Wednesday, March 23, 2011

Boy actors and sex II

Was a girl who pleased a man to save herself any different than one who did it for coins? Did I play the whore to Nat? So did the 'ingles' I spoke so scornfully of: pretty boy whom men desire.

Chapter VI, The Secret Player

How much would a boy actor be pressured sexually? And by whom? Sander, knowing that in her boy's garb she will be desired by both men and women, determines to be admired from a distance. This she can manage among Lord North's Men, the traveling company she joins who perform at manors and fairs through the countryside. One of the actors, Francis, gives her a few sidewise looks, but she passes half her tankard to him at meals and thus befriends him. Their little troupe is like a family. But she does have to flee North's Men with nothing but the clothes on her back when the actor she replaced returns and claims that she is a girl.

In London, she becomes an apprentice. Historically Alexander Cooke apprenticed to John Heminges, but in this story, when she arrives in London Heminges' wife Rebecca (widow of William Knell, a player who was killed in a brawl not long before) is having a difficult pregnancy. Sander joins the household of Tom Pope, another actor with Lord Strange's Men, Shakespeare's company in 1592, along with her old friend Jack Wilson who arrived earlier. Pope protects his apprentices much as Nicholas Wilson, manager of North's Men, did on the road.

The period between these two official employments, Sander is at risk. She reaches London and finds work with Dick Frith, blacksmith. The smith's apprentice Nat who attempts to seduce her is accountable to Frith his master, but what happens at night in the farrier's shed where the boys sleep is relatively private. At any rate, Sander chooses not to report Nat: she is in the smith's house on sufferance, having yet to make her way onto the stage. It's Sander's vulnerability that landed her in Frith's smithy in the first place, a haven after rowdies tried to attack her.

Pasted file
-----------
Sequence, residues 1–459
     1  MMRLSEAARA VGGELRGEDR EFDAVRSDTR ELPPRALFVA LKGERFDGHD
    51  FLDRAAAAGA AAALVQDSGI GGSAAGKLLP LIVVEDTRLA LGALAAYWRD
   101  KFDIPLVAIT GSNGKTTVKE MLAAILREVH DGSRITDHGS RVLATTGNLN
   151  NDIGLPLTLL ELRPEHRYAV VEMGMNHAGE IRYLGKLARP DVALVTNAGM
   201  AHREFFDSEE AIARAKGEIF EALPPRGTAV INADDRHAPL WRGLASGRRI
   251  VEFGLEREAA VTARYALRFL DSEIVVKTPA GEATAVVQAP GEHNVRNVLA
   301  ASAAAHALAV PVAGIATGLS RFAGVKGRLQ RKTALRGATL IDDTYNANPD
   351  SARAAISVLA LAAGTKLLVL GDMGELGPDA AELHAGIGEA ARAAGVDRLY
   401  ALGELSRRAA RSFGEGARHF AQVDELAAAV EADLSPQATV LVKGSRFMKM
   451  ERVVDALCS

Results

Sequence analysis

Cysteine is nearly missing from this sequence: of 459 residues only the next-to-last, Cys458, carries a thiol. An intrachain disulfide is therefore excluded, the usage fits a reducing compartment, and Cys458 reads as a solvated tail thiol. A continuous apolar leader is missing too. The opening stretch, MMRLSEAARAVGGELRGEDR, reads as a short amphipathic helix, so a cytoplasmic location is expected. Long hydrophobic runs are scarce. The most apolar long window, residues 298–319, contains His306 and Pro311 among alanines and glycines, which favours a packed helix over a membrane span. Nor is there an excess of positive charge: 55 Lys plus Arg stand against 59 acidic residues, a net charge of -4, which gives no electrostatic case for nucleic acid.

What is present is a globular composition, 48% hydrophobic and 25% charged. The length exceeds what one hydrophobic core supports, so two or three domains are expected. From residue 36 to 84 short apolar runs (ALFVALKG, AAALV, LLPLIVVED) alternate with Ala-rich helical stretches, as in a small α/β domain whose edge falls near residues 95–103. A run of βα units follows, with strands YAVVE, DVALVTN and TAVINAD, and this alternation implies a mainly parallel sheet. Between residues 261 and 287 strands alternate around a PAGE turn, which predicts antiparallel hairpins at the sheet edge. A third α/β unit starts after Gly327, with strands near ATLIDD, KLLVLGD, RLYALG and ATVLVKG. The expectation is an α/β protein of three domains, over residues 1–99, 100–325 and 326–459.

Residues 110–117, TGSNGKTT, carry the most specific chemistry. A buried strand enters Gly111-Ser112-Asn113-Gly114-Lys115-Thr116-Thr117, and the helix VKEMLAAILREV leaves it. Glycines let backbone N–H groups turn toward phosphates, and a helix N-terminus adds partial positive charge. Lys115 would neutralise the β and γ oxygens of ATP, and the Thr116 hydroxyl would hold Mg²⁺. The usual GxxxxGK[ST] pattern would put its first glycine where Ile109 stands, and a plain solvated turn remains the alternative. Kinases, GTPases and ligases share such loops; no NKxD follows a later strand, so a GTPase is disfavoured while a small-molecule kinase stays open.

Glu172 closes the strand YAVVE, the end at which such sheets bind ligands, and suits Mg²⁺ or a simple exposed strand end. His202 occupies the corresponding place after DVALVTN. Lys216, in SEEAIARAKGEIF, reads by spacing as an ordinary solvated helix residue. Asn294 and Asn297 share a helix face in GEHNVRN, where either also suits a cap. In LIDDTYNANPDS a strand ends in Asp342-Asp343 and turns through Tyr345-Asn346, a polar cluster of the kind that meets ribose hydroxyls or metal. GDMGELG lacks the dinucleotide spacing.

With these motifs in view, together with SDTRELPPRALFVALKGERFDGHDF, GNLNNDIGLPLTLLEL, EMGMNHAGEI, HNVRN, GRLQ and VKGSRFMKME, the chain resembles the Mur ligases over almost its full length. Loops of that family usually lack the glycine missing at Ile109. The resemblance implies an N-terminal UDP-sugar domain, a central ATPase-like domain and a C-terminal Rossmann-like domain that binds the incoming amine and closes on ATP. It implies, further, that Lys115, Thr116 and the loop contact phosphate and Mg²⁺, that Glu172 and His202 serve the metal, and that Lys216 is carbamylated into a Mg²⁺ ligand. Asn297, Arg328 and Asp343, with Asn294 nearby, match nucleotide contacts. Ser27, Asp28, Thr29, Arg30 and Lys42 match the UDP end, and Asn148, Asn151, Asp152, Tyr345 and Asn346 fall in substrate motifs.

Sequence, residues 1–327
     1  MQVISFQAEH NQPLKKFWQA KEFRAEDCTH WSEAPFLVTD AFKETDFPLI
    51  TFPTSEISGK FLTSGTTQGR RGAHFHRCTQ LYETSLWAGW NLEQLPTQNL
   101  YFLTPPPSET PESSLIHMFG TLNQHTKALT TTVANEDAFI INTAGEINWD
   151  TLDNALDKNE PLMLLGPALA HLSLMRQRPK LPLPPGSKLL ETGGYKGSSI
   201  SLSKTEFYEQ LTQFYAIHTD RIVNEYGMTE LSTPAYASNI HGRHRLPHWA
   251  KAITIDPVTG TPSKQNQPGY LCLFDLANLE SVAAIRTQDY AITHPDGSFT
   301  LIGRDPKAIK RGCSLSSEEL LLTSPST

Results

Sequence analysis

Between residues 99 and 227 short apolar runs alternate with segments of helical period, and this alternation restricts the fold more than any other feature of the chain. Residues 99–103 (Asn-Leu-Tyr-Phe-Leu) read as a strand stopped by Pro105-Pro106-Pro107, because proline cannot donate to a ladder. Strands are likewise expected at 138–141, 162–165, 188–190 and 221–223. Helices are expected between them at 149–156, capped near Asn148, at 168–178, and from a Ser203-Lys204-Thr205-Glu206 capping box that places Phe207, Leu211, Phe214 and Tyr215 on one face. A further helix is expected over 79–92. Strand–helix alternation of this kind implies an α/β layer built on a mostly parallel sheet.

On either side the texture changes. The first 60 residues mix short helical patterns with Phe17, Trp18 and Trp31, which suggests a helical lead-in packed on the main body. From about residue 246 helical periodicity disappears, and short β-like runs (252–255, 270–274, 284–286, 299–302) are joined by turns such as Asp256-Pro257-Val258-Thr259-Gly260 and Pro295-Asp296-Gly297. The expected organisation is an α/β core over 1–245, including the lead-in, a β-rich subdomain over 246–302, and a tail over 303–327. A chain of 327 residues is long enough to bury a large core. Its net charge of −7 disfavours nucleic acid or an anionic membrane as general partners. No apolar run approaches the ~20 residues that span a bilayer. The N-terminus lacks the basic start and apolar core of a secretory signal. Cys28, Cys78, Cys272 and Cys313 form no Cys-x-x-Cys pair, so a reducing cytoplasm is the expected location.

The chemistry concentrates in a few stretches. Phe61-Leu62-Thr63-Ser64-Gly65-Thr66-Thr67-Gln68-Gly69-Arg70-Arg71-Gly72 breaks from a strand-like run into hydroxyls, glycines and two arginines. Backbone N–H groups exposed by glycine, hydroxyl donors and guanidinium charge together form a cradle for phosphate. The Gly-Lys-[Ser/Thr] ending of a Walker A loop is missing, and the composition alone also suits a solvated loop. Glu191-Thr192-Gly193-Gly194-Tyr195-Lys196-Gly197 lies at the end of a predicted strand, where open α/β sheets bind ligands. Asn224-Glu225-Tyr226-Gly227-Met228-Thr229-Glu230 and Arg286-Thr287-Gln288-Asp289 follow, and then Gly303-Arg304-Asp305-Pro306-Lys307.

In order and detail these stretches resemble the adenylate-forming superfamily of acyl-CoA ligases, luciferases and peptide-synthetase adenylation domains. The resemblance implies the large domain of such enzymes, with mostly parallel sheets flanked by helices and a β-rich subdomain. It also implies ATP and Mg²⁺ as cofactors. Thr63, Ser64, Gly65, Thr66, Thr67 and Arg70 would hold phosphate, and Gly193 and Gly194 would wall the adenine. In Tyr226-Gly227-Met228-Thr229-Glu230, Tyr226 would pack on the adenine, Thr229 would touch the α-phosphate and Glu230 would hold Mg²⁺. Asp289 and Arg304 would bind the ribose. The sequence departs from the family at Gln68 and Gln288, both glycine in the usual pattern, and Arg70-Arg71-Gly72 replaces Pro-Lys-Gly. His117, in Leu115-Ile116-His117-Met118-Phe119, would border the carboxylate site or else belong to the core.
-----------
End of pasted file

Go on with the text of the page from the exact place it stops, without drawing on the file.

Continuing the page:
The extent of sexual danger to any boy actor varied, but he had some choice in the matter. Within the company structure he was as safe as he wished to be.

In the world outside the acting company, as Sander is living at the smithy, one had to look out for himself. She makes a sordid bargain with Nat, hence her reference to 'playing the whore' with him. If she satisfies him by touch, he'll leave her private person alone. At least for a while . . . .

Elizabethan England enacted strict laws against sodomy, and other 'perverted' behaviors were much condemned, as the writings of John Rainoldes illustrate. In his Th' Overthrow of Stage Players quoted by Lisa Jardine, Rainoldes makes allusion not only to sodomy but to 'homosexuality with and without flagellation, dress-swapping, male marriage, and sex between father and son (Still Harping on Daughters, 1983, 15-16). His hysteria, prompted simply by the existence of boy players, rather reminds one of extremist anti-gay rhetoric today and seems to reflect a similar pathology.

However, as Bruce Smith and Alan Bray have pointed out separately, the apparent virulent homophobia of Elizabethan law (death for sodomy, which could be so broadly defined as to include witchcraft, heresy, and treason) is not comprehensive proof of the social attitude towards homoeroticism in that era. Plays and poems are not the only countering examples.